The nose gun mounting is assembled and the two machine guns fitted along with their ammunition belt runs before being slid into the single piece nose cone. This seems to be a bit of a waste as none of this detail will be seen unless the access panels in the nose section are carefully removed. The numerous sections of the cockpit greenhouse are then attached (or the modeller can use the one part canopy). With the fuselage closed up, the single piece centre wing spars complete with extra cannon bay detail is attached and covered with the fuselage centre panel, thus again covering all the detail previously fitted. Whilst the fuselage is upside down the PE DF aerial and styrene HF aerials are glued into position.



The build moves onto the two DB 601 engines. These begin with the assembly of the main block which comes in two halves onto which the cylinder head and two cam covers are attached. Onto this main block the ignition harness, engine bearers, turbocharger assembly, oil tank and pipework are fitted. The undercarriage is the assembled, with the main units made up of the oleo, scissor link, retraction jack and support framework. The main tires are in two halves to which the separate inner and outer hubs, also in two parts are fitted. The upper cowling is fitted with the oil cooler intake, the exhaust stacks and their fairings are assembled and the main undercarriage bays are assembled from the firewall and roof sections, and completed with a selection of pipework and fittings. The exhaust stacks are then attached to the engine assemblies which are then fitted to the firewalls and the main undercarriage fitted to their bays. Before the radiator housing can be fitted to the lower cowling a large section must be cut out. The separate upper cowlings can be fitted, or left off to show off the engines.


The instructions move onto the wings and the assembly of the underwing radiators which are made up of five parts then attached to the lower wing panels. The main wheel bays are detailed with internal frames after which the wheel bay doors are attached. The engine/undercarriage sub-assemblies are fitted to the lower wings followed by the upper wing sections, wing tips, leading edge intake scoops and landing lights. The flaps can be positioned in either the raised of lowered positions. The propellers are assembled by fitting the three separate blades to the hub, which is then attached to the backplate and finished off with the spinner. The modeller has a choice of whether to fit the two drop tanks or two pairs of bombs and their respective racks. The completed wings are then slid onto wing spars on the fuselage and glued into place.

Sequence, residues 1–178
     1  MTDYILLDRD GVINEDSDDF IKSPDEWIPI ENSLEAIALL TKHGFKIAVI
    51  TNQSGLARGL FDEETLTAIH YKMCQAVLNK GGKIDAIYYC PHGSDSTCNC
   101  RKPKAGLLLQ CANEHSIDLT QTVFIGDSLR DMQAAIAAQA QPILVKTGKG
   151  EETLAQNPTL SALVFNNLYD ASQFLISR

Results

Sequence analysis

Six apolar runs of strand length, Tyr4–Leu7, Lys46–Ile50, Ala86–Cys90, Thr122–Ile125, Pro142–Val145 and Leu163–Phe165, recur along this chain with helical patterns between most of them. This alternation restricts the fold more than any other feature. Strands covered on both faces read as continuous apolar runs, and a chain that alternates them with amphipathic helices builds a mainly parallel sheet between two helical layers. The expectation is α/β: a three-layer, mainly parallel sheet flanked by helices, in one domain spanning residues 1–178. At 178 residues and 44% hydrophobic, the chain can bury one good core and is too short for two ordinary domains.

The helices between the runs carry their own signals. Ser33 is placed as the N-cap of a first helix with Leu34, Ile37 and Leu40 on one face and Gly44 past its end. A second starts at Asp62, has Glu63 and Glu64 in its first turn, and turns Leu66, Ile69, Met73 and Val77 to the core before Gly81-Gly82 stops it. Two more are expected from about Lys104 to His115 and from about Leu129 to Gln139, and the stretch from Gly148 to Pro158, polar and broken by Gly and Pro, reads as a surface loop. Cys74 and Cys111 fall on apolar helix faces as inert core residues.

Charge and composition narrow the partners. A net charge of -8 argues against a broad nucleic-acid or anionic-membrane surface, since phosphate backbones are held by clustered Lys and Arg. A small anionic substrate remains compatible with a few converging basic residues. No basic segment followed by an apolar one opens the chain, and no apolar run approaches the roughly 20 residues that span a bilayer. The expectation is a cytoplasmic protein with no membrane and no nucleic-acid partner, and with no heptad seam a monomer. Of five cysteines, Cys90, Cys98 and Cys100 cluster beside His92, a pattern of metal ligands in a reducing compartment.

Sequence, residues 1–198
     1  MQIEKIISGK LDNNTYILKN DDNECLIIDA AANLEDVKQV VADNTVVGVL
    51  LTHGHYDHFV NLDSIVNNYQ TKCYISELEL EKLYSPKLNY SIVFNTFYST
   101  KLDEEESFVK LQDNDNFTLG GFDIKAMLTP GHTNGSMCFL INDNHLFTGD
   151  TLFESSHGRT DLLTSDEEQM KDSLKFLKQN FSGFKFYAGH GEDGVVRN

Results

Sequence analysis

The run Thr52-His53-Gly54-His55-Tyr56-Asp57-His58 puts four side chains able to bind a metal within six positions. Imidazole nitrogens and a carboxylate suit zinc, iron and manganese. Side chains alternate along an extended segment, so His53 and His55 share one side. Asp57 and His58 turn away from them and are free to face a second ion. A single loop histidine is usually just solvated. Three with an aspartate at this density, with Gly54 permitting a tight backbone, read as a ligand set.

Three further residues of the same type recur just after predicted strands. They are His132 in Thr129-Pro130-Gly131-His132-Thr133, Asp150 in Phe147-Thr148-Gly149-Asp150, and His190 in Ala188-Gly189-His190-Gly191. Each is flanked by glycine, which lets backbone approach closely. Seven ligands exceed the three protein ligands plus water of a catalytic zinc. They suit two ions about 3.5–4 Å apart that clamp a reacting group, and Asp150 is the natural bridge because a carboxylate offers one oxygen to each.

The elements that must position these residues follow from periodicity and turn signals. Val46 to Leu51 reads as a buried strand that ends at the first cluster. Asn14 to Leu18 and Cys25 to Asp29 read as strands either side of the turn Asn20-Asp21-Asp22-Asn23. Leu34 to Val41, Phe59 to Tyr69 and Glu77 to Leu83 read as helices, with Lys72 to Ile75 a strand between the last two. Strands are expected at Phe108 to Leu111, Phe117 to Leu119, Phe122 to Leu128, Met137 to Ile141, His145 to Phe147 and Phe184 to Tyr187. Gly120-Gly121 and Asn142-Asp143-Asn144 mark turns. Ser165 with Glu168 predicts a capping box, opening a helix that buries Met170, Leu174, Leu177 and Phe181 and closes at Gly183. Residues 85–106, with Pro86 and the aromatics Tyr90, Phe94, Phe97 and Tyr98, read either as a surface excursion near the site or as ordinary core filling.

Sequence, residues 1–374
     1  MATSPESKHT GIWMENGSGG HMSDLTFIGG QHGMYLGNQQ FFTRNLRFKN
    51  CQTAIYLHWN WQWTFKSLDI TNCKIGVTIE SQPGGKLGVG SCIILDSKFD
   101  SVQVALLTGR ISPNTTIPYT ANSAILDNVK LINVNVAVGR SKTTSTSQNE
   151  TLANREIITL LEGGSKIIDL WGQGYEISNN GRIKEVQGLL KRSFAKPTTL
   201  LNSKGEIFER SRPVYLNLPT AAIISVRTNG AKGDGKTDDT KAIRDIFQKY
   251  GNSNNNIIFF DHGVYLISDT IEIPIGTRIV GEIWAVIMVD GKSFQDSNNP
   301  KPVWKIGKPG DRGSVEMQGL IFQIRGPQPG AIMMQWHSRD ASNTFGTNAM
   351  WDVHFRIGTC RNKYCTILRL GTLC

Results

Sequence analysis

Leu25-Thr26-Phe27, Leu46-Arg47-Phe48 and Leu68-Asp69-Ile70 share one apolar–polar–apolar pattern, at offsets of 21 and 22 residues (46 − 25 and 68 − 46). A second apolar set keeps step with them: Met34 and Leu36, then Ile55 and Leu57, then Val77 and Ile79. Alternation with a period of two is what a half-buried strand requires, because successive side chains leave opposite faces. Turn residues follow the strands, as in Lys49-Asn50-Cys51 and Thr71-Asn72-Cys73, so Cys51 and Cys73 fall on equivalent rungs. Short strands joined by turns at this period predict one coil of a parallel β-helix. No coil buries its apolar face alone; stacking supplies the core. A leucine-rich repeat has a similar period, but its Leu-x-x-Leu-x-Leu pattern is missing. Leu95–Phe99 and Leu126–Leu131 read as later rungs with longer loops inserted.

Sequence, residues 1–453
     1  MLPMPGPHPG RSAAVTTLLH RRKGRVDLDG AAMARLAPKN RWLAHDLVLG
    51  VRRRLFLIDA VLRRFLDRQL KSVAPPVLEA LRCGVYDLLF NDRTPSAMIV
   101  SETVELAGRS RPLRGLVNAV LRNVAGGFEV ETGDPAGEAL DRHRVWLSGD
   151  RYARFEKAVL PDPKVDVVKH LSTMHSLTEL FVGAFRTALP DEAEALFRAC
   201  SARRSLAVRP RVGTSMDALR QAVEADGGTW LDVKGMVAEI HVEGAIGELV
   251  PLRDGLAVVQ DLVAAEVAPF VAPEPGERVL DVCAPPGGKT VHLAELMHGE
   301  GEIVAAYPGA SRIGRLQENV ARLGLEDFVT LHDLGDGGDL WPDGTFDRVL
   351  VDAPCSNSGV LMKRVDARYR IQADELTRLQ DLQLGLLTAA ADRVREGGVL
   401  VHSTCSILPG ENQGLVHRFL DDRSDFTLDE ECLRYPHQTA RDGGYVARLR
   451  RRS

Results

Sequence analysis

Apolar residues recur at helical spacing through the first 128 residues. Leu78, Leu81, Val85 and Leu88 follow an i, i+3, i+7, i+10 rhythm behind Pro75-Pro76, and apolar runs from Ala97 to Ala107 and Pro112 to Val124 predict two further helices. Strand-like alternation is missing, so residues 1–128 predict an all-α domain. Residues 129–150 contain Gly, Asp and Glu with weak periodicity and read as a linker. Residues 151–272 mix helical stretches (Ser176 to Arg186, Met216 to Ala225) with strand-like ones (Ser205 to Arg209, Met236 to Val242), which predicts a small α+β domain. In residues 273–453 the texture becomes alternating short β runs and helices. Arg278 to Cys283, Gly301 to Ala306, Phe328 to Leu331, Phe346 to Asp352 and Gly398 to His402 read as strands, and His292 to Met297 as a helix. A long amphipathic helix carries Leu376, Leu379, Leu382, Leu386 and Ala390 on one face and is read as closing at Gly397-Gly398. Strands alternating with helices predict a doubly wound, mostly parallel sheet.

The final section is the assembly of the tailplane with the two halves of the vertical fins joined together then attached to the horizontal tailplane which comes as a single piece upper and two lower sections. In the centre of the lower section the tailwheel bay is attached then fitted with the tailwheel, made up of two wheel halves and single piece oleo, then the bay is completed with the addition of the bay doors. The completed tailplane is then attached to the rear of the fuselage thus completing the build.



The clear parts are thin and free from distortion. A complex mulitpart canopy is supplied which can be modelled open; or the modeller can chose a one part canopy which will make things easier but be closed.


Phot Etch
A small photo etch fret is supplied which contains the seat belts, and radiator parts, along with two loop aerials.


Decals are supplied for three aircraft. All feature the RLM79 over RLM78 scheme. They are printed by Cartograf so should pose no problems.
  • 8./ZG 26 - North Africa 1942
  • 7./ZG 26 - Italy 1941
  • 7./ZG 26 - Libya 1942


This is an impressive kit from Dragon. The parts build is fairly high with some great detail. Like other boxings of this kit in other scales it is puzzling as some of the detail will not be seen. The modeller though could if they wished with some care expose this. Overall the kit is recommended.

Review sample courtesy of logo.jpg UK distributors for logo.jpg